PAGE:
(Of course, schooling achieves other things as well, such as warehousing kids, but let's leave that aside for the moment.)
Related to this, technologies can roughly be divided into those that are "old" (that is, taken for granted as being "necessary" for schooling) and those that are new (that is, still being negotiated in terms of their role--or lack thereof--in schools). This, of course, depends on one's perspective, since a technology that is taken for granted by a young person might be still be considered to have an unsettled role to an older person. Similarly, technologies that are taken for granted in wealthier, suburban or private schools (such as interactive whiteboards) are often considered exotic or a luxury in poorer, urban schools. Such differences in attitude are never about whether a particular technology is really needed for education; they are always about whether they deserve to be funded or mandated for all schools--again, the central question of educational policy.
But we don't tend to talk about this question as if it were a question about technology. Instead, we limit our explicit discussion of technologies to a subset of policy questions about schooling, as if educational technology policy was only "about" relatively new, digital technologies, especially those tools and approaches that are not yet universal (or nearly universal) in their application to schools. "Technology," then, is used as a euphemism for "things that we're still trying to decide whether we need," or "things that only some schools can currently afford."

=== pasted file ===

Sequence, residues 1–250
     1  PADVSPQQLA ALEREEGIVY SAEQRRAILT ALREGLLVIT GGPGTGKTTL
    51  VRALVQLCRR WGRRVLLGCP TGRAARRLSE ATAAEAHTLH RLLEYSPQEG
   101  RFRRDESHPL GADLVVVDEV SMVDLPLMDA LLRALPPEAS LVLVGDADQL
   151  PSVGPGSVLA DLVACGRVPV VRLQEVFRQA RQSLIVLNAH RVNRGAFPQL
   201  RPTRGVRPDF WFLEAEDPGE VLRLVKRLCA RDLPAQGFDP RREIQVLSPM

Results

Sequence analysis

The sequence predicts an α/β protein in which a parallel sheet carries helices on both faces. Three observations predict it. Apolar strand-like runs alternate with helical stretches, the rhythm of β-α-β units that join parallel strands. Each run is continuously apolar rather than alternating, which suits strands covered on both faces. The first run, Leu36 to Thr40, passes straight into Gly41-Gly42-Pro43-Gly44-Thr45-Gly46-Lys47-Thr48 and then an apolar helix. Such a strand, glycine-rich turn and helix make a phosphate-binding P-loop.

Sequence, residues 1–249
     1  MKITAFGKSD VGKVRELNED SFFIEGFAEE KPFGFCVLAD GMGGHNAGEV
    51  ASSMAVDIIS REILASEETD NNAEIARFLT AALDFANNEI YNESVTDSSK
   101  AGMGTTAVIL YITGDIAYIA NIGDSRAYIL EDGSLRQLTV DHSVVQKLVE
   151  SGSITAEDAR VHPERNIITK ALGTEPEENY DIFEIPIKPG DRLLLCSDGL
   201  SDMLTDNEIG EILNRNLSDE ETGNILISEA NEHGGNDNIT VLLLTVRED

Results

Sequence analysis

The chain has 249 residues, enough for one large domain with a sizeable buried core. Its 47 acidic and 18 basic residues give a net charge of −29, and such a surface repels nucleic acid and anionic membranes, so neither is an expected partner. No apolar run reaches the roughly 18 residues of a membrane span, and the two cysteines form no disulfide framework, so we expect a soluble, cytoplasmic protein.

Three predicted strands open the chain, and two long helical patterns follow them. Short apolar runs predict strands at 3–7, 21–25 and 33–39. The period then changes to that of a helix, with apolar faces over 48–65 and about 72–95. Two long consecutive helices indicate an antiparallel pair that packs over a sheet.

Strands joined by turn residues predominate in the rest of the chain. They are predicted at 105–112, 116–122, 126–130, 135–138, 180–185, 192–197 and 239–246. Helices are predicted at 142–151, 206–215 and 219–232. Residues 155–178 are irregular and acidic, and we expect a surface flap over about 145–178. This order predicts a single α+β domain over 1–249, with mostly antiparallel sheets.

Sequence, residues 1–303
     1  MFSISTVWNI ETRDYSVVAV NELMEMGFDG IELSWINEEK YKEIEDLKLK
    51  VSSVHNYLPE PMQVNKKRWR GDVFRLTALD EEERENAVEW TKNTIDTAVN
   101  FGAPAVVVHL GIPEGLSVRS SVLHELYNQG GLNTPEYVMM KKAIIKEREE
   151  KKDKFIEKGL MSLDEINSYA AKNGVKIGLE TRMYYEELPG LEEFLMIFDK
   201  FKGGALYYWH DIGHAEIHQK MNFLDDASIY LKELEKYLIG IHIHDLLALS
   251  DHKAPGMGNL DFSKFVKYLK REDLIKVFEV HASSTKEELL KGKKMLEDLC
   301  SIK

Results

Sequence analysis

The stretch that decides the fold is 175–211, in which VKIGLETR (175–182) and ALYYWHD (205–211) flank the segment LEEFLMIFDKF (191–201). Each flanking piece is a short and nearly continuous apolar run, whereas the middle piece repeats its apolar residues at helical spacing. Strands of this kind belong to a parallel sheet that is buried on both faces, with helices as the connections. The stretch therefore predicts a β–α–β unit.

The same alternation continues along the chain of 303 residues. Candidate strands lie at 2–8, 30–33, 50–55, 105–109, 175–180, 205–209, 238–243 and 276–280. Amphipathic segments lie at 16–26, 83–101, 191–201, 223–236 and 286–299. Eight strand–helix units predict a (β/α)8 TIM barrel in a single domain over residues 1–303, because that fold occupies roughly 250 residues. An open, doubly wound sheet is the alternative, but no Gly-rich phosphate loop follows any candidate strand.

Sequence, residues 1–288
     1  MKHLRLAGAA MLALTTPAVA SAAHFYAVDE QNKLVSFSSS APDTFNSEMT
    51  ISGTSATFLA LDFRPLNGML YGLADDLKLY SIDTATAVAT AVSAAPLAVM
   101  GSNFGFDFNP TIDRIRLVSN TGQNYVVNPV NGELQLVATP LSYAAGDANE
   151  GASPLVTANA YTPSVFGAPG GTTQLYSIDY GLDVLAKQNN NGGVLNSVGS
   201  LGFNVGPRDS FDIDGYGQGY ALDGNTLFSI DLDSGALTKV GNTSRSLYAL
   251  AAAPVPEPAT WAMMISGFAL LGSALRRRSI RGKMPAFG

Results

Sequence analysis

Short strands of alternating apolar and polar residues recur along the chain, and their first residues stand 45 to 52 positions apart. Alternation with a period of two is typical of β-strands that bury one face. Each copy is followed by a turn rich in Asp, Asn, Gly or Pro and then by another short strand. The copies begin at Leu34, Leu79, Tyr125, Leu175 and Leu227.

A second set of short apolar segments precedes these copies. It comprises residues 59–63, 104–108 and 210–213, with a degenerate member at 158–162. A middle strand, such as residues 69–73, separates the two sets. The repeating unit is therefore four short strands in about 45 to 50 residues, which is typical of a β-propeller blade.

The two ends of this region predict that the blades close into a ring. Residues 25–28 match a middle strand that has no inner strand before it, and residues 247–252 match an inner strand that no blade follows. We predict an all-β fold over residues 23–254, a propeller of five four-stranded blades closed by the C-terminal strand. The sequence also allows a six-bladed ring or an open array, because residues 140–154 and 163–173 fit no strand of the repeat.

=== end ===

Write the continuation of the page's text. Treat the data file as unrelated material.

This limitation of the application of the concept of technology tends to draw attention away from certain critical perspectives (such as those of Michel Foucault, Neil Postman, or Michael Apple) which talk about, for example "technologies of [political] control." Surely these critical perspectives are justified in used of the word "technology," just as much as the common person is justified (in some ways) in limiting discussion of technologies to what I've described above as "digital technologies." What's important is realizing that any limitation of the word "technology" to particular types of technologies has both motivations and consequences, which should be examined. Thus, the limitation of the discussion to "digital technologies" tends to take OFF the table many of the other things I've listed, such as bell schedules and P.A. systems, even though THOSE technology are pernicious and omnipresent in schools.